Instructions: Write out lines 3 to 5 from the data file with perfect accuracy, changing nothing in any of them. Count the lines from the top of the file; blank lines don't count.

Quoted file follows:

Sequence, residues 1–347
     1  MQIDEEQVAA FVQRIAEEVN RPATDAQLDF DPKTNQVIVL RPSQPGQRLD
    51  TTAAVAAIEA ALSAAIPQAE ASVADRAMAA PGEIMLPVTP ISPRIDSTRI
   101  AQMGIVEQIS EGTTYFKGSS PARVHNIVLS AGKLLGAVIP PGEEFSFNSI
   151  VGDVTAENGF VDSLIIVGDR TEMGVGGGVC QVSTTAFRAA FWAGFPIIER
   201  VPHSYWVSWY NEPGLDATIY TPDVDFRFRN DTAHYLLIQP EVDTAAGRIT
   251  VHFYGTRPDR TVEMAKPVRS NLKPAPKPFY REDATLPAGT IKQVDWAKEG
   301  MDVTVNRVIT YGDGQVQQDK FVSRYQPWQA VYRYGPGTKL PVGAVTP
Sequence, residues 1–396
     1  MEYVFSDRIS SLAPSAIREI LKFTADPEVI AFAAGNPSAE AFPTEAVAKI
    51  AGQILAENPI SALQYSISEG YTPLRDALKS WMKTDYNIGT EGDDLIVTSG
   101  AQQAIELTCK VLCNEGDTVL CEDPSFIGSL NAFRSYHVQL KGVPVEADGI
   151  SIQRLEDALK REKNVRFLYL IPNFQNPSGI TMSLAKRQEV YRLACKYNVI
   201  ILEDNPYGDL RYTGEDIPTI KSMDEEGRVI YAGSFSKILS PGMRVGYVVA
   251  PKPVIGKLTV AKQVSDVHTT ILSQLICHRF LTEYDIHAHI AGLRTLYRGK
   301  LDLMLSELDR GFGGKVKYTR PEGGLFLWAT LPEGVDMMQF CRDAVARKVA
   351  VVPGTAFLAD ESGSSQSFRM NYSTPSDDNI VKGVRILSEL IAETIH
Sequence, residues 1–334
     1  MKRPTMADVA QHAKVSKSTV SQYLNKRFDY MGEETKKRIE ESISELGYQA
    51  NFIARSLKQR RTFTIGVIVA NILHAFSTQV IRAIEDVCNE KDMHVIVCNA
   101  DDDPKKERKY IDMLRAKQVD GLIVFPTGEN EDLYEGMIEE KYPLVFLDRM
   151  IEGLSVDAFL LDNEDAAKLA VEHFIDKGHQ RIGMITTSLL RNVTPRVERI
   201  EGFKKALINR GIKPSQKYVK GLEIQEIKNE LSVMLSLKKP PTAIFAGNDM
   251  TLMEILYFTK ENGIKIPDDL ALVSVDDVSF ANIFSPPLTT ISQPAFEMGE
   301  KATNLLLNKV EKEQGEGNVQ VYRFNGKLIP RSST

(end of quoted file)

    51  TTAAVAAIEA ALSAAIPQAE ASVADRAMAA PGEIMLPVTP ISPRIDSTRI
   101  AQMGIVEQIS EGTTYFKGSS PARVHNIVLS AGKLLGAVIP PGEEFSFNSI
   151  VGDVTAENGF VDSLIIVGDR TEMGVGGGVC QVSTTAFRAA FWAGFPIIER